Recent Cancer-related FAQs
Lately I’ve been asked the following questions by a few different people. I thought others might be wondering too…
Um, you look great. Do you still have cancer?
Thanks! And, yes.
I have metastatic disease, or Stage IV breast cancer, or whatever you want to call it. Dr. Wonderful is very clear in letting me know that whilst I can hope to be his patient for a very long time, I will be under the care of an oncologist for the rest of my days. If I am to be cancer free, that will be a miracle from God.
Do you have any side effects from your current treatments?
I don’t have any direct side effects from the three drugs I get at the oncology office. (Perjeta and Herceptin every 3 weeks, and Faslodex every 4 weeks.) I *love* these drugs and hope I get to be on them for a long time!
I do have a lot of side effects from past cancer/treatment, most of which I’ve acclimated into my normal life: hot flashes, breast-less-ness, skin sensitivity, etc.
The one thing that bugs me consistently are my toes and toenails. I keep getting ingrown toenails, losing a particular toenail, fungus, and infections. Gross, I know. (Sometimes I ask myself, “Why do I feel so compelled to overshare these details on the internet???”) I had minor surgery last week on one toe, and am going in this week for a different toe. You can pray for my toes. However, if I had to choose one medical specialty for whom to be high maintenance (oncology, pulmonology, endocrinology, surgery, cardiology, or podiatry), I would absolutely choose the podiatrist. Feet, shmeet. I can handle this.
So, ah, this is awkward, but do you plan on doing breast reconstruction?
An interesting point about breast reconstruction that is not intuitive is that reconstruction is very different from a “boob job.” At the end of reconstructive surgery you end up with numb mounds where your breasts used to be. You don’t get back what you lost.
I’ve looked into the options enough to know which procedure I would do if I got it done. I’d go for the deep inferior epigastric artery perforator (DIEP) flap surgery. Since that is an unintelligible mouthful for most of us, I coined it the “whoop-dee-doo” surgery because the surgeon takes my “baby roll”, and moves it “up.” This microsurgical procedure is cutting edge: it’s all my tissue and the net effect is a tummy-tuck turned breasts. Like I said, whoop-dee-doo. Magic. It sounds pretty great. However, at this time, I don’t want another surgery/hospitalization. I’m busy living and momming my kids; I don’t want time away from them.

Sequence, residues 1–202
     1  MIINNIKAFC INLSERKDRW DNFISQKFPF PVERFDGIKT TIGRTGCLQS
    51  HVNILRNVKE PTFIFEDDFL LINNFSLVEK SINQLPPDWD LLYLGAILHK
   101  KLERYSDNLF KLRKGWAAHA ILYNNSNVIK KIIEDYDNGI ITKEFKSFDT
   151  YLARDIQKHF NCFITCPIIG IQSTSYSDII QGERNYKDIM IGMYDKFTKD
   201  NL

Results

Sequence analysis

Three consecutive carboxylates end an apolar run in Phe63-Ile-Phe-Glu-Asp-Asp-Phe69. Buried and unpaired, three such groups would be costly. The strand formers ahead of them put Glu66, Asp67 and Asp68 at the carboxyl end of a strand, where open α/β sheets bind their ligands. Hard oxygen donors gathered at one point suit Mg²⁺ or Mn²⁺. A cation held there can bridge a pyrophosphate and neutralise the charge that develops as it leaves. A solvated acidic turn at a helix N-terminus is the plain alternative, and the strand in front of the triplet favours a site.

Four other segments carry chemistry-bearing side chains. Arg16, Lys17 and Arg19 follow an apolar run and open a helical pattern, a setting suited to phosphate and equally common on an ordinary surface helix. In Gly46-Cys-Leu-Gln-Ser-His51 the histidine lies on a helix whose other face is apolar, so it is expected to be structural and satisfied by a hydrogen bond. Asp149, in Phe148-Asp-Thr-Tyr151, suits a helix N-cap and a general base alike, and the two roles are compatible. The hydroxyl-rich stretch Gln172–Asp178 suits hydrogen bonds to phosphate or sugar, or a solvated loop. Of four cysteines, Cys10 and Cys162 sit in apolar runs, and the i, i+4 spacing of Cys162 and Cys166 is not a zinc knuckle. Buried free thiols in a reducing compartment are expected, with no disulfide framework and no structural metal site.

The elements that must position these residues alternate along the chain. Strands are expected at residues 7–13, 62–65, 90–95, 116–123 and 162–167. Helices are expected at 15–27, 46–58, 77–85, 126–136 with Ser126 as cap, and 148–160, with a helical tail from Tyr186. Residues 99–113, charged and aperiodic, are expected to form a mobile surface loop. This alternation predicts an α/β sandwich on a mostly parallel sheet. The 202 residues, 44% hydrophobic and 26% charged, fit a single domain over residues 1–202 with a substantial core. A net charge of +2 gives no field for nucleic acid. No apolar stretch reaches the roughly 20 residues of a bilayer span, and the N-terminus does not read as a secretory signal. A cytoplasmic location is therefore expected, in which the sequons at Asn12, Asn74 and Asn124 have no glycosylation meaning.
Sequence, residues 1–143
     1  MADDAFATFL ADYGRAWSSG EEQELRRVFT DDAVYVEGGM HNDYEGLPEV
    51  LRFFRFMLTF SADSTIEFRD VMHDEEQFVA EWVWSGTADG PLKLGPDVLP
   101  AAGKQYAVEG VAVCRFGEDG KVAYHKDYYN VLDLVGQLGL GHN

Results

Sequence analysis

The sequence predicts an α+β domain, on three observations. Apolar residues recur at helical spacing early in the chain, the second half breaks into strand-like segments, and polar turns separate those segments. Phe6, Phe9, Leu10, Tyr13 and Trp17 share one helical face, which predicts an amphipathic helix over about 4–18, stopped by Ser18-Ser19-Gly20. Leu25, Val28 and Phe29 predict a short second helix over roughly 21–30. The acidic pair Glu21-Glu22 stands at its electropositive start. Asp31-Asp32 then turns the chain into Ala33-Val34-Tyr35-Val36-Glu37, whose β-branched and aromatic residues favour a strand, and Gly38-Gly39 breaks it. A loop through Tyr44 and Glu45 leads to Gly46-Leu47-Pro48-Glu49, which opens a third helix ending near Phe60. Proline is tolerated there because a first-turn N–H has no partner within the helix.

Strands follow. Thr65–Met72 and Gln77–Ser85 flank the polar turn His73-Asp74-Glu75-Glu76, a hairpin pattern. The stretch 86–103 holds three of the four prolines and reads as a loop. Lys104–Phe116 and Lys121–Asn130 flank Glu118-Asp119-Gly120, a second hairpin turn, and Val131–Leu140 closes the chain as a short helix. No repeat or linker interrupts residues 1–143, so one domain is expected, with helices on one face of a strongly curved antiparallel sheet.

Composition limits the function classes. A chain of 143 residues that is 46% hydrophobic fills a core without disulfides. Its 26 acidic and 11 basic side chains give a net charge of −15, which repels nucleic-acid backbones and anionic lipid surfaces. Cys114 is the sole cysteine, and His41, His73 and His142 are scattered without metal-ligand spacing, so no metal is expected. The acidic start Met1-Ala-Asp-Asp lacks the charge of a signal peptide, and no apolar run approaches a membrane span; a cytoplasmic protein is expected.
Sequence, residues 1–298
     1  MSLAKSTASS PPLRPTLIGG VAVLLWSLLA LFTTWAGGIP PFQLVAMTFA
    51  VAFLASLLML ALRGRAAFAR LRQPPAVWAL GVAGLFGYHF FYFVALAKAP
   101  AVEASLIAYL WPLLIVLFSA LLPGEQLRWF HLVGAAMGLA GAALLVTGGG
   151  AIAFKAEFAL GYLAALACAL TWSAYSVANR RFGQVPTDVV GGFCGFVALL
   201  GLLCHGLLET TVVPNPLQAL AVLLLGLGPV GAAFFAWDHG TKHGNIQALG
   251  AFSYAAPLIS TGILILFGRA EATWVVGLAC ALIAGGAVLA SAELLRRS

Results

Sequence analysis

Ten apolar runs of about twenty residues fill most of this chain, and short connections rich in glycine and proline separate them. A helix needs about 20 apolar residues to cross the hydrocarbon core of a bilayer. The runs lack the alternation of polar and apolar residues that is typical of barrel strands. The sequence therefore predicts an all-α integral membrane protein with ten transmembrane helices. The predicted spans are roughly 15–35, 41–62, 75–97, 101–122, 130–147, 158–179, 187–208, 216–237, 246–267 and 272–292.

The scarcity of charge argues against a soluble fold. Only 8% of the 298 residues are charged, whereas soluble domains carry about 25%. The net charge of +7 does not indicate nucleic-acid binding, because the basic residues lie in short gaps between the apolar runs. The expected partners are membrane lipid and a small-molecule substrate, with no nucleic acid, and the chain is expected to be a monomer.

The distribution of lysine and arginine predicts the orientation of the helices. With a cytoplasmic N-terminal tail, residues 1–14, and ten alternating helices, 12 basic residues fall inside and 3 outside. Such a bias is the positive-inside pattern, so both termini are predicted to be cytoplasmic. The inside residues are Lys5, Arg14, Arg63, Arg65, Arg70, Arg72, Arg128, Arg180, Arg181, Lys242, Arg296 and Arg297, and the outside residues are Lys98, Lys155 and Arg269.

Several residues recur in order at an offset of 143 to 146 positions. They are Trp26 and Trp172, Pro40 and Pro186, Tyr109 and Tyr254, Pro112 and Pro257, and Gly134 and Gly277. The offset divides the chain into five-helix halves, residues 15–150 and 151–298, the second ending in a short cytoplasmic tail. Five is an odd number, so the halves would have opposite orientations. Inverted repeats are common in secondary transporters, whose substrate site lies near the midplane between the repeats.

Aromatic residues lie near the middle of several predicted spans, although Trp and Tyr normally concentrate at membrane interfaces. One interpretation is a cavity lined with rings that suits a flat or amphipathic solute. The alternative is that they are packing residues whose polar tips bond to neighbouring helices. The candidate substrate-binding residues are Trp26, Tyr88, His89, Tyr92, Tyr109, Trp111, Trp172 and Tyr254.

How are the girls handling cancer?
Oh, my girls. I love them so much. They’re awesome. Neither of them remember life before cancer. This past fall Maren had an Ah Ha Moment where she understood cancer and me and Stage IV and the whole deal. I’m very Mama Bear protective over them, and it is a constant lesson to me to continue to hold them in my hands and raise them up to the Lord. They are His children. Greta gets a simplified version of the truth. Maren gets the truth with a lot of prayer and attention to how we address it.
What does palooza-ing (from your last blog) really mean?
Stay tuned; I have a blog brewing on this where I’m listing out my paloozy thoughts.
Sometimes I want to scream that I am normal because the blessed perspective that I keep is hard-won; I’m normal, and this is not easy. The cancer burden is one that I shift from shoulder to shoulder; I change posture and position to absorb the strain. It’s hard, people. But… it is okay; praise the Lord, I have the strength to do it. He has given me the strength to do it.
The cancer, my cancer, is cruelly craptacular.
Palooza living is the counter-balance to cancer living.
It’s bucket list-y, dreaming, living-in-the-moment, adventuring, saying yes, and living out loud.
Feel free to ask any other questions…